It was a “borrower’s paradise” for developing countries, one US investment banker wrote late in 1973: “a growing number of banks, operating free of reserve requirement or other regulations and of the restrictions of a stagnant deposit base, seeking to make foreign loans…[and with] little ability to analyse complex credits.”14

The banks’ ventures—the flora of London and Nassau—were ever more exotic. There are businesses with names like Hypobank International, the Equator Bank, Eurobraz, the International Mexican Bank. Some US banks had regional preferences, with West Coast institutions lending, for example, to Peru and other countries of the Pacific littoral. US and foreign banks founded consortium banks for foreign lending: dividing their risk, but also their sense of bankerly reticence. They lent money in enormous syndicated loans. When sixty-four banks got together to lend $575 million to Indonesia—as they did in August 1975—few looked very closely at Indonesia’s other debts.

The extraordinary expansion of credit is difficult to explain by what are conceived of as conventional banking attitudes. It recalls, rather, J.M. Keynes’s observation of bankers and their view of the international economic situation, written in August 1931: “A ‘sound’ banker, alas! is not one who foresees danger and avoids it, but one who, when he is ruined, is ruined in a conventional and orthodox way along with his fellows, so that no one can really blame him.”

In the years of the bank expansion, the developing countries’ financial situation changed momentously. As private lending increased, official development aid accounted for less and less of the financial flows to developing countries. In 1971, less than 8 percent of the developing countries’ external debt was owed to banks. By 1973, the proportion had risen to 13 percent.

For some countries, the new credit was almost like manna. In 1973 alone, countries were able to borrow more money from private banks than in their entire history. Zaire’s debt to banks grew 300 percent, and Zambia’s more than 600 percent. The credit was extended more easily than official aid. The sorts of political conditions imposed by the US government in its aid programs, or by the official development banks, were of little concern to British or Italian Eurobanks: even to the Eurosubsidiaries of US banks. (Cuba and North Korea, for example, have raised large Eurocurrency loans.)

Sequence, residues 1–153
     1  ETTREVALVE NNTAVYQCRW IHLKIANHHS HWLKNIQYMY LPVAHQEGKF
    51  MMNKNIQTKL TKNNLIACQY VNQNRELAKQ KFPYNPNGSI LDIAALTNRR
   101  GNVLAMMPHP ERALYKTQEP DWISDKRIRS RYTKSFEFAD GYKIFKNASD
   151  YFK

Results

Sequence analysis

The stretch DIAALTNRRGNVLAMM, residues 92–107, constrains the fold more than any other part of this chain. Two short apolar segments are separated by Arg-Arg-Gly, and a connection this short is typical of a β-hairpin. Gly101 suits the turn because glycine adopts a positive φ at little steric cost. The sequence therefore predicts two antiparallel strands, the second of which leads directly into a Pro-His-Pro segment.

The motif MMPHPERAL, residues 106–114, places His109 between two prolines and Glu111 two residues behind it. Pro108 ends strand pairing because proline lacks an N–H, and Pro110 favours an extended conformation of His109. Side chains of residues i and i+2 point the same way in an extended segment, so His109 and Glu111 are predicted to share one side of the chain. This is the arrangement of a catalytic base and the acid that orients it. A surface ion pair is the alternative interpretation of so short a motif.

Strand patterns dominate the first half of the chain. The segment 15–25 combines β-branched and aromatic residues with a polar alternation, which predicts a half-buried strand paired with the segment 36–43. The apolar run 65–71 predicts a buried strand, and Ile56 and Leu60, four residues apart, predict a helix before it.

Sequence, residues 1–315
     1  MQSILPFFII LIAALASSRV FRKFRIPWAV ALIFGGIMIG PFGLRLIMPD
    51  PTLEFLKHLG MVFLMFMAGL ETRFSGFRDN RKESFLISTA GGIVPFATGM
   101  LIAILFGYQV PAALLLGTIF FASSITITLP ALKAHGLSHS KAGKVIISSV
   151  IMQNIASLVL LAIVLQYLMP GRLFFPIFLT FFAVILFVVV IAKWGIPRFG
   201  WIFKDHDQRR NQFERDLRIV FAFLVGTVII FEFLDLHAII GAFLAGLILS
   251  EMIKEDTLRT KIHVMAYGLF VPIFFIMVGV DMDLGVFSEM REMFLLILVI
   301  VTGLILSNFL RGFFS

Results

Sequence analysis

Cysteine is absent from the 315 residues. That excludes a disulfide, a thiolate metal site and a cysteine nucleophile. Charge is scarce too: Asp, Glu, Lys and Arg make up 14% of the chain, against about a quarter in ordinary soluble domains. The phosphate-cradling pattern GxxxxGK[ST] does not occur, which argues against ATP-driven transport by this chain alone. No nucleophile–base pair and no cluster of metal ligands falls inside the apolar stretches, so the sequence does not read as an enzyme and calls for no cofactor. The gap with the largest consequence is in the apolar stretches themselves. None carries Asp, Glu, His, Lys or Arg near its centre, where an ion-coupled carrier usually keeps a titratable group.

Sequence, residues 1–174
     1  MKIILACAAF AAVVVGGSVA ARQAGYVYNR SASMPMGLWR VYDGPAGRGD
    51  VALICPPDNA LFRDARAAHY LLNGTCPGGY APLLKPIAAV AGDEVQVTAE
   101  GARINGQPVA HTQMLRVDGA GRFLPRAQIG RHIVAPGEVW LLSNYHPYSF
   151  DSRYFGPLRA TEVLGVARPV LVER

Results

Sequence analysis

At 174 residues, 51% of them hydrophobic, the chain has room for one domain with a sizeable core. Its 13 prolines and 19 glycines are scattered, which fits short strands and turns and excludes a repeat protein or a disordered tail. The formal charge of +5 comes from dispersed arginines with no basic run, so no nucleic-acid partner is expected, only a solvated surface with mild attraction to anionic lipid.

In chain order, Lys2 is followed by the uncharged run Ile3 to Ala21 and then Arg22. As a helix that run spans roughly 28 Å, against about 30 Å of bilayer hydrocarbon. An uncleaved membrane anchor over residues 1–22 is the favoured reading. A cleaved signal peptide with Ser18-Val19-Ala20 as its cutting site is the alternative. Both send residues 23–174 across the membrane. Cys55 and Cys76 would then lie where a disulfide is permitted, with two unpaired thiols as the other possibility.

But the bankers’ largesse was not universal. The more prosperous developing countries did best in the lending lottery. Brazil owes more to foreign banks than all the non-oil-developing countries in Africa, the Middle East, and South Asia together. Two-thirds of all Eurolending to developing countries went to six of the “newly promising” richer countries.

There were no Eurosyndicates for Bangladesh or Burma or Chad. The poorest countries received few commercial loans, and continued to rely on official financing. Since more of the new lending was private, the distribution of wealth was skewed ever more in favor of the richer developing countries.

  1. 10

    Richard A. Debs, op. cit.

  2. 11

    Eisuke Sakakibara, “The Eurocurrency Market in Perspective,” Finance and Development (an IMF/World Bank publication), September 1975.

  3. 12

    World Bank Annual Report 1975.

  4. 13

    Publicised Eurocurrency Credits to Developing Countries,” UNCTAD IV, op.cit., Addendum.

  5. 14

    Richard S. Weinert, “Eurodollar Lending to Developing Countries,” Columbia Journal of World Business, Winter 1973.